What About the Fathers?

by | Jan 6, 2022

New fathers are frequently left out of the conversations about mental health when a new baby is born. While there is growing recognition of the high rates of maternal mental health difficulties after welcoming a new baby, what is much less focused on is the fact that around 1 in 10 new dads will also struggle with depression after the birth of a new baby and close to 1 in 5 will experience anxiety.

Paternal postpartum depression can be a lot harder to recognize and identify for a variety of reasons. New moms commonly interact with many medical professionals in the postpartum period – at postpartum checkups, well baby visits, etc. New dads may not always be at these visits, and if they are present, they are not being asked by medical professionals how they are doing. The focus is very much on the new baby and the mom, meaning symptoms of depression may go unnoticed. Additionally, if you, as a new dad, are struggling in the postpartum period, it isn’t uncommon for your partner to be struggling as well. One of the strongest risk factors for developing paternal postpartum depression is if your partner is experiencing maternal postpartum depression. When both you and your partner are in need of support at the same time, it can be harder to speak up and communicate about your struggles and ask for help. There is often this feeling that you should be “strong” and “power through”.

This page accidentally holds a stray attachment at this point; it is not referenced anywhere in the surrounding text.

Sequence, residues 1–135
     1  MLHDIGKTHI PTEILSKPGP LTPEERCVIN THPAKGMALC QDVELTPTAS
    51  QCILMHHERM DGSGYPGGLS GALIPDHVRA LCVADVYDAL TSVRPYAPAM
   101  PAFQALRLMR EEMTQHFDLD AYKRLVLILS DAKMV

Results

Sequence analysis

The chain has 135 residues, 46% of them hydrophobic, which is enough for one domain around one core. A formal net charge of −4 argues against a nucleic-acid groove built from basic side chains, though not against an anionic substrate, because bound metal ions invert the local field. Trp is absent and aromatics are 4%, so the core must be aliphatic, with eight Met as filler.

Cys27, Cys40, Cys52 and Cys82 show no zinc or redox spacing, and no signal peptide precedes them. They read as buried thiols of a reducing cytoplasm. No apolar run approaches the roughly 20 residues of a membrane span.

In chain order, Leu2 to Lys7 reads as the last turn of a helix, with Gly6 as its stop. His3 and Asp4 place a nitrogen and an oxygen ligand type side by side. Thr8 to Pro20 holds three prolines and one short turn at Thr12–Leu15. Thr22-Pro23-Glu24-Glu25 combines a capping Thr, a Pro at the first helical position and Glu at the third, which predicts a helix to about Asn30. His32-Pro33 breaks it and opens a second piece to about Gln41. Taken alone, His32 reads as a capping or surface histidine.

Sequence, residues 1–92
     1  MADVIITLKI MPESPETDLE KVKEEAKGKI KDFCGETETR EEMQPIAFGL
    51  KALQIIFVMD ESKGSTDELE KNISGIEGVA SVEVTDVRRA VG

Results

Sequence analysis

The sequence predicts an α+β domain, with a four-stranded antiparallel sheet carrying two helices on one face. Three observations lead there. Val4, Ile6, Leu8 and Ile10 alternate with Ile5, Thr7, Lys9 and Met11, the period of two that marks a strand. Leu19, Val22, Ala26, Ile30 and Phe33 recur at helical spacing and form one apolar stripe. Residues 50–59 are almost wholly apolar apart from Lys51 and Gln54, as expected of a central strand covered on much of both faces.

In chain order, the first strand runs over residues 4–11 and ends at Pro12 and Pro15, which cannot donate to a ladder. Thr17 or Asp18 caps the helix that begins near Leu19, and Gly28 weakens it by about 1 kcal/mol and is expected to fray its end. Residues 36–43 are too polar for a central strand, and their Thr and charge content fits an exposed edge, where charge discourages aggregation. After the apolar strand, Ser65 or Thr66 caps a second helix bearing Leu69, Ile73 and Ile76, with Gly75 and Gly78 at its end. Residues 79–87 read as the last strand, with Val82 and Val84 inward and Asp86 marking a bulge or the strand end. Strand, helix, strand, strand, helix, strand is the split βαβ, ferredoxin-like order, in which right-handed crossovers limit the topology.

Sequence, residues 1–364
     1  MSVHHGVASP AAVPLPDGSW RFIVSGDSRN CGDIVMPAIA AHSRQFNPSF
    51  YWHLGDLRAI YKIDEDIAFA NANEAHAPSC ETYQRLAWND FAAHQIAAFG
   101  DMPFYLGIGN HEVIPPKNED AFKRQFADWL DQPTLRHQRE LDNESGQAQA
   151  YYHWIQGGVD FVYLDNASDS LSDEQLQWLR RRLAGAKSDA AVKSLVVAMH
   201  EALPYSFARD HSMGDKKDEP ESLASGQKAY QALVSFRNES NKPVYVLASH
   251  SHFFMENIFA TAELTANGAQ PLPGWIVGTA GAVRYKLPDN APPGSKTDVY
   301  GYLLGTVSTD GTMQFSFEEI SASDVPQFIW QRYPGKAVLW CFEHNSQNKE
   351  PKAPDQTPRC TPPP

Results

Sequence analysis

Paternal postpartum depression can also manifest in slightly different ways than maternal postpartum depression. Dads who are experiencing paternal postpartum depression may experience:

  • Anger
  • Frustration and irritability
  • Isolating from family and friends
  • Problems with concentration and motivation
  • Fatigue
  • Sadness
  • Loss of interest
  • Significant weight gain or loss

While some of the manifestations of paternal postpartum depression may be different, just like with maternal postpartum depression, if you notice you are experiencing any of these symptoms and they are impacting your quality of life or ability to care for yourself, there are many ways to reach out for support.

  1. Reach out to family and friends who you feel comfortable sharing with, perhaps try reaching out to other dads.
  2. Communicate with your partner about your need for support.
  3. Look for a support group to attend – Postpartum Support International has some great virtual support group options specifically for new dads and a Dad’s Chat Session.
  4. Reach out to a therapist!

Remember, you are not alone and there is help out there!

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